A COMPANY director, who dipped into pension fund contributions of 56 workers in a vain bid to prop up his cash-strapped construction business, has been given an 18-month suspended sentence.
Colm McNulty (47), director of Limestone Construction, Kilreesk Lane, St Margaret's, Dublin, pleaded guilty to withholding €41,457 which was supposed to be passed on to a pension scheme.
The father-of-three was prosecuted at Dublin District Court on 15 counts under Section 58A(1) of the Pension Act.
It came following a probe by the Irish Pensions Board (IPB) into deductions from the salaries of his staff from July 2006 until September the following year. Five counts were withdrawn today and McNulty pleaded guilty to the remaining 10 charges.
The maximum penalty on conviction in the District Court for each offence is one year's imprisonment or a fine of €5,000 or both.
In 2008, a bench warrant was issued for his arrest when he did not show up for a court hearing but he was later picked up by police in the UK on foot of a European Arrest Warrant.
Mary Hutch, head of policy at the IPB, told prosecution counsel Karl Monahan that forensic accountants analysed Limstone Constructions' books and discovered that contributions totalling €41,457 were deducted from the wages of 56 workers.
However, the money was not passed on to the Construction Workers Pension Scheme. but was “held by the company director” instead.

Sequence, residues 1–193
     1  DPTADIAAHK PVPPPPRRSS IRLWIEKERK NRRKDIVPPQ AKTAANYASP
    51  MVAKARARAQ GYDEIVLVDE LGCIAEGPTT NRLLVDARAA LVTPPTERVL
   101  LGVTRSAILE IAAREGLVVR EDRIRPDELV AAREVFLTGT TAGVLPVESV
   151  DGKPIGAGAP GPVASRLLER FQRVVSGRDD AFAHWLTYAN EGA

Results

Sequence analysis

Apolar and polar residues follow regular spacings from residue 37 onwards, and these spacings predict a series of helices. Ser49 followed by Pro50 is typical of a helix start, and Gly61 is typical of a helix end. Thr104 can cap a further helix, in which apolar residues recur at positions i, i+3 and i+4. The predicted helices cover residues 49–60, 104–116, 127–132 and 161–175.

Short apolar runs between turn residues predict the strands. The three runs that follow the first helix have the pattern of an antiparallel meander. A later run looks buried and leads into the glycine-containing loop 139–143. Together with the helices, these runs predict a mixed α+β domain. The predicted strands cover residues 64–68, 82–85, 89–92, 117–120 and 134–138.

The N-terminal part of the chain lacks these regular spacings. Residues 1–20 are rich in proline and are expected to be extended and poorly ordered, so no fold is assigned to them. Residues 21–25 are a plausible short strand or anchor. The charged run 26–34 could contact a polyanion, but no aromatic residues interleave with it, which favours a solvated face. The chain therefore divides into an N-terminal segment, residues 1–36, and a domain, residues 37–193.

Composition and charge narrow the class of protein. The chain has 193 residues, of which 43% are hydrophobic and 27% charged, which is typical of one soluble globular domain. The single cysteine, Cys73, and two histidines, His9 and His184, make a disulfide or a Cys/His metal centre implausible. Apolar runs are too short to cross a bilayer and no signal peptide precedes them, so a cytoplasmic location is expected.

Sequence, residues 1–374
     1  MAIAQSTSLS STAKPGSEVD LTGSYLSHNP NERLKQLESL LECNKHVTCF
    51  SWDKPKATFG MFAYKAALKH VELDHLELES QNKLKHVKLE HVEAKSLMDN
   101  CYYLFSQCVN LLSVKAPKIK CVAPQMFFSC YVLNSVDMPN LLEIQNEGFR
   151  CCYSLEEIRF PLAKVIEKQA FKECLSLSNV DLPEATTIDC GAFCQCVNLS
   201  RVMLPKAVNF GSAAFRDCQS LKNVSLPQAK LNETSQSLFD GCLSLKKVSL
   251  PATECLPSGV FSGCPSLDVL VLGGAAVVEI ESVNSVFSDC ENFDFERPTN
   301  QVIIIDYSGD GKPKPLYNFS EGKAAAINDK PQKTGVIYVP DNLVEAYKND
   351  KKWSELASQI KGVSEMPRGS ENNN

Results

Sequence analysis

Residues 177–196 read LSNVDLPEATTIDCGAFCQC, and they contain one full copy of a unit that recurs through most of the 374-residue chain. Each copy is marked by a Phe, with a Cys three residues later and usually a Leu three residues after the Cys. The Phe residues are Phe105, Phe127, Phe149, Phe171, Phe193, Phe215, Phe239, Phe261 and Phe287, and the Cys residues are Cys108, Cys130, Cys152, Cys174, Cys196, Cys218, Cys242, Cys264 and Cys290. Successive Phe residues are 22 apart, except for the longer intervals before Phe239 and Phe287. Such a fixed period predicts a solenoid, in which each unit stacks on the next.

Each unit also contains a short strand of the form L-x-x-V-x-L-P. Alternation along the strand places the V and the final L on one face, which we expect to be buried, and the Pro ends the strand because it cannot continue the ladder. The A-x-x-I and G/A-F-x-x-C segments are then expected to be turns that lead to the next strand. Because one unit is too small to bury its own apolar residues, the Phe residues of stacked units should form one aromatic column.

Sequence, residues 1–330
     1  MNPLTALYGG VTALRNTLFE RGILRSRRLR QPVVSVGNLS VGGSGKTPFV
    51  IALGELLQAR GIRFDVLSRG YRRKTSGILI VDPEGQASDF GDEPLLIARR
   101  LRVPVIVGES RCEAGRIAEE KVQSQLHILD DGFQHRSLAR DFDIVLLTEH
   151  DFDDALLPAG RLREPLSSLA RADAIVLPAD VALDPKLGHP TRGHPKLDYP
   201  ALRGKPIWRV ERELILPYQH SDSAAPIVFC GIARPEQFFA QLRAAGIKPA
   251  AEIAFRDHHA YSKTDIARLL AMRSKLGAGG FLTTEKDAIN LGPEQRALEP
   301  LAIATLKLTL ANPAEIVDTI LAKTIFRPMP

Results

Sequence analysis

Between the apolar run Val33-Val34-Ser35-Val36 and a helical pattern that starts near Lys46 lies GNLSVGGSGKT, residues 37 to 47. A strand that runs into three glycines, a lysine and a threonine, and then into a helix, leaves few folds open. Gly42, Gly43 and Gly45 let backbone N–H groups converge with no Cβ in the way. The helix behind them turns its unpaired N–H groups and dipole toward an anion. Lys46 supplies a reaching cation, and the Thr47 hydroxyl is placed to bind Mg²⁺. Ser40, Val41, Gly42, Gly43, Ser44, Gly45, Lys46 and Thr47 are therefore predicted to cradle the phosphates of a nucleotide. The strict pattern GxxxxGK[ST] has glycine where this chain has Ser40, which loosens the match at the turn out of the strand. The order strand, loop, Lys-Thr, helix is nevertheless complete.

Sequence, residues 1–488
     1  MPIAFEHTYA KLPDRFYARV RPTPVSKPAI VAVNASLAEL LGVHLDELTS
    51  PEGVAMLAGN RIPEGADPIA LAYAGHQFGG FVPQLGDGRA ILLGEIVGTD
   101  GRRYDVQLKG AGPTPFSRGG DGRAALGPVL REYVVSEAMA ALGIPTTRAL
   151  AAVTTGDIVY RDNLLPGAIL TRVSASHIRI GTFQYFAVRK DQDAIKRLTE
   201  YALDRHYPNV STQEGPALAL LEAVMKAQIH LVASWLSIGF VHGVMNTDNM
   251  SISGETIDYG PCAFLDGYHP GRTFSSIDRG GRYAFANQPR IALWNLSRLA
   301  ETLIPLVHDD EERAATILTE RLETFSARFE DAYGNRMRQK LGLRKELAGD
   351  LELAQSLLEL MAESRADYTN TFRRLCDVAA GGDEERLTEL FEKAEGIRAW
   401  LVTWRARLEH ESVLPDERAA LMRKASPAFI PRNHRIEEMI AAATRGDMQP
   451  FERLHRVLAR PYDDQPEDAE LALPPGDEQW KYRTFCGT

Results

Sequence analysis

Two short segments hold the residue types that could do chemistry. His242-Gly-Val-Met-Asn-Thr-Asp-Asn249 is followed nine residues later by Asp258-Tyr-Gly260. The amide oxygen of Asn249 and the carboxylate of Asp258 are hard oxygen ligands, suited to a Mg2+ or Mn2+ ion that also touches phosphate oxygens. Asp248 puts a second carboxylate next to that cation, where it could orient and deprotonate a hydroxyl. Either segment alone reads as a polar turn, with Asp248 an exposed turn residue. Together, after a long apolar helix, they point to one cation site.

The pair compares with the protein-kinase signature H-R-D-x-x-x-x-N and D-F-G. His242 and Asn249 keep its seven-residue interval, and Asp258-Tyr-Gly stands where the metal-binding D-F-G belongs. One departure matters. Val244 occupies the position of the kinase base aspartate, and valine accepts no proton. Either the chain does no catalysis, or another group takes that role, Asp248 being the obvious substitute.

The shortfall of contributions for the 56 affected employees of Limestone Construction, which has gone into liquidation, means there is going to be a deficit in their pensions. She also pointed out that had one of the workers died while in McNulty's employment, their family would not have been entitled to a death benefit worth at least €63,500
She agreed with defence counsel John Berry that McNulty was co-operative and that when she went to his office in 2007 she could see his business was in “disarray”.
In mitigation, Mr Berry said McNulty had spent five days in custody after his arrest in the UK before be returned to Ireland to face the prosecution. While out of the country he had gone to Nigeria to work as an engineer and the money he earned there was used to support his family.
His company was owed stg £700,000 in relation to a building project in Belfast and that has still not been paid.
Mr Berry said McNulty had tried to trade his way out of difficulty and had injected his own money as well as the pension funds in an attempt to save the business and keep his workers in jobs. The lawyer also argued that it was “not a Robert Maxwell type of case, not the case of a man who plundered an employees' pension fund so he can live a lavish lifestyle”.
He has worked since the age of 16 but now has no savings and is estranged from his wife. He lives in Kells, Co. Meath in a house lent to him by friends. Meanwhile, several judgements are to be registered in relation to other creditors he had and he risks being disqualified from being allowed to hold the directorship of a company, counsel said.
Judge William Early said McNulty had taken more than €40,000 that was due to be sent to the pension scheme of his workers and applied that for the benefit of his company. “And that is morally and legally wrong,” he said.
It was important to make clear to employers that this is an illegal act and there are serious consequences for breaches of the Pensions Act, he added.
He also noted the points raised by the defence in pleas for leniency as well as the fact that McNulty had pleaded guilty and has no prior criminal convictions. He imposed sentences totalling 18 months but suspended them on condition that McNulty does not re-offend within the next year-and-a-half.